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Growing Your Own Sage Definitely a Wise Move

I don’t really know why it’s called such, but I must admit that growing your own sage in the garden is a wise move.  The herb grows quite well in our tropical weather here in the Philippines.  I simply sprinkled a few seeds in a medium sized pot and they all germinated successfully.  In less than 3 months, you’ll be ready to harvest  a few leaves which can be used for both culinary or medicinal purposes. It has an intense flavor that only a few leaves are needed to flavor the entire dish.    


Sage: ready for harvest

Sage will grow well with either full or partial sun exposure. Its flavor becomes more intense when it receives a lot of sunlight.  It is a very sturdy plant and will perform well in medium sized containers  filled with well-drained potting soil that is mixed with compost.  Pests are almost non-existent because most insects are repelled by its strong scent.

As a perennial herb, the plant will continue to grow and produce strong favors for many years.  Unlike most herbs, sage leaves will keep their strong flavor even after the plant has grown its flowers.   Sage will benefit a lot from regular pruning which makes it even more prolific in producing new leaves.  Fertilizers are rarely needed, and in fact, too much fertilizer may even cause this herb to lose its flavor and aroma.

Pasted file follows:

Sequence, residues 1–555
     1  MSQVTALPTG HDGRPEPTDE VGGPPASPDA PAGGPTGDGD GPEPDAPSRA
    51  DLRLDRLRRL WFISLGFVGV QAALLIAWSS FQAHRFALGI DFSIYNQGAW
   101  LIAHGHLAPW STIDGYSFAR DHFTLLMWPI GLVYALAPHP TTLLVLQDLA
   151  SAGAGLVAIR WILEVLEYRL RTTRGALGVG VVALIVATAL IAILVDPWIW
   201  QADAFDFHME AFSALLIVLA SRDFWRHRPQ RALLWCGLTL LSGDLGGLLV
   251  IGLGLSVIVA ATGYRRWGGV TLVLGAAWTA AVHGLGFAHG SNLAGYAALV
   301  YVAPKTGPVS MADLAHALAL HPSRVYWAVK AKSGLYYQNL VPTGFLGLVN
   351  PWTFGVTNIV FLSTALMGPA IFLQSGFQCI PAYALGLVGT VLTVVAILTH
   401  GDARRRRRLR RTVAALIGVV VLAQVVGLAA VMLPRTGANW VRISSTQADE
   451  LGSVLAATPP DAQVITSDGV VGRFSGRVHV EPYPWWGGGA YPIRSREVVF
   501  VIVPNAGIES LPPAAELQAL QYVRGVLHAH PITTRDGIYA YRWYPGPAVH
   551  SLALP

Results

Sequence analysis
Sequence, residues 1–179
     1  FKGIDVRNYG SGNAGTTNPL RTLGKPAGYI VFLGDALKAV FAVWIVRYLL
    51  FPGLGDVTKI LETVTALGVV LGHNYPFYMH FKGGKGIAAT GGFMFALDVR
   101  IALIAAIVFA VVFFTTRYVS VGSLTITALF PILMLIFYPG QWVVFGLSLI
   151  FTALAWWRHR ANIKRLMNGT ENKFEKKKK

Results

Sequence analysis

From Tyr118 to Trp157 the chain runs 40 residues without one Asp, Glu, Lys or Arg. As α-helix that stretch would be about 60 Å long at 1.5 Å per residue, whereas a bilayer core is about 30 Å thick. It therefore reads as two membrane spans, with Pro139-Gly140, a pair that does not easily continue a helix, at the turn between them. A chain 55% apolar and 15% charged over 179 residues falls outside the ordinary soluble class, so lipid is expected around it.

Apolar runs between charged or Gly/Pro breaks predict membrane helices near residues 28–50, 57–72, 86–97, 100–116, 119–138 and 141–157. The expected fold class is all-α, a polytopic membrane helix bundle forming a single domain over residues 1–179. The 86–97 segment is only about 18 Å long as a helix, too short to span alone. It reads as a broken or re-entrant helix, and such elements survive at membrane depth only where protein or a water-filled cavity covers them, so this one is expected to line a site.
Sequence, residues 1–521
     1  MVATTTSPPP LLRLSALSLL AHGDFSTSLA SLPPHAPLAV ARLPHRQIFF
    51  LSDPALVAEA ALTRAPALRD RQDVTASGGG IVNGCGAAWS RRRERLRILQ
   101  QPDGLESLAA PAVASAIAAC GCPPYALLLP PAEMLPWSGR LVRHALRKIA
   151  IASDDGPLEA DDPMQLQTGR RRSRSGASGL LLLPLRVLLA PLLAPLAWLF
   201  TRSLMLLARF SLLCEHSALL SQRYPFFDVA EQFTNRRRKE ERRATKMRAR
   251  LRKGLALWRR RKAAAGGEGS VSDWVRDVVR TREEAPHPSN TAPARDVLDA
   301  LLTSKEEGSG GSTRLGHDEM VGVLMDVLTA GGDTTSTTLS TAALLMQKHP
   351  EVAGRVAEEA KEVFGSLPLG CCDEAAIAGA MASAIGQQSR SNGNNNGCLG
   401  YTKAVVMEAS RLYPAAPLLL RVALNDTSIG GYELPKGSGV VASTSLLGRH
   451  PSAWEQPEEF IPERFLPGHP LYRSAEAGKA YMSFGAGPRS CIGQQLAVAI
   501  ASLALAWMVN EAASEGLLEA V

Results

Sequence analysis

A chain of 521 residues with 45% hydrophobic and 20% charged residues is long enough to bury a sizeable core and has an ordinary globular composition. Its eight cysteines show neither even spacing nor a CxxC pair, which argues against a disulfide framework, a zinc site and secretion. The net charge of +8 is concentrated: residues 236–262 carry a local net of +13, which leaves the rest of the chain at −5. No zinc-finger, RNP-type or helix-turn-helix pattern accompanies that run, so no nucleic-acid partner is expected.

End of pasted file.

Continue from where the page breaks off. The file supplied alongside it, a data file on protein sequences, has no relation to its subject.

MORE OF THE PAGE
How to propagate

Sage can be grown from seeds or through cuttings. In tropical zones, the seeds germinate in about 5- 7 days depending on the weather condition. However, germination takes a bit longer during cold weather conditions.  For cuttings, the stem will typically grow its own roots in about 2 weeks. Wait another 2 weeks before exposing the herb plant to full sunlight, to avoid shock. Watering is needed twice a week  (or more frequent during summer, when the soil feels dry).

Like basil, you can also grow their roots in water.   Simply soak the tip of the sage cutting in unchlorinated water.  Remember not to use a transparent glass or container when trying to root any cutting. Once the stem has grown some roots, it is ready to be transferred to a bigger pot. A 2-gallon pot is typically sufficient to grow a sage.


Regular pruning is advisable in order to encourage more new leaves to grow. Harvest the top leaves and to get the best concentration of flavors, ideally before mid-morning. The harvested leaves can be dried and stored in a paper bag for future consumption since only a handful of dried leaves are needed for the entire dish.

Uses of Sage

For culinary purposes, this herb goes well with most meat, including pork and chicken. Just a little goes a very long way. Chop a few leaves and sprinkle them over roast pork, beef or chicken. It also blends well with rosemary and thyme, or oregano for pasta sauces.

For medicinal purposes, sage has been known to treat digestive problems like flatulence (gas), gastritis, diarrhea, bloating and heartburn. I typically drop 2 leaves of this aromatic herb into a cup of boiling water like tea.  Some websites also claim that sage can help prevent Alzheimer’s diseases.  This herb is so wonderful, a ‘must try’ for any aspiring urban gardener.

Tags: Herbs

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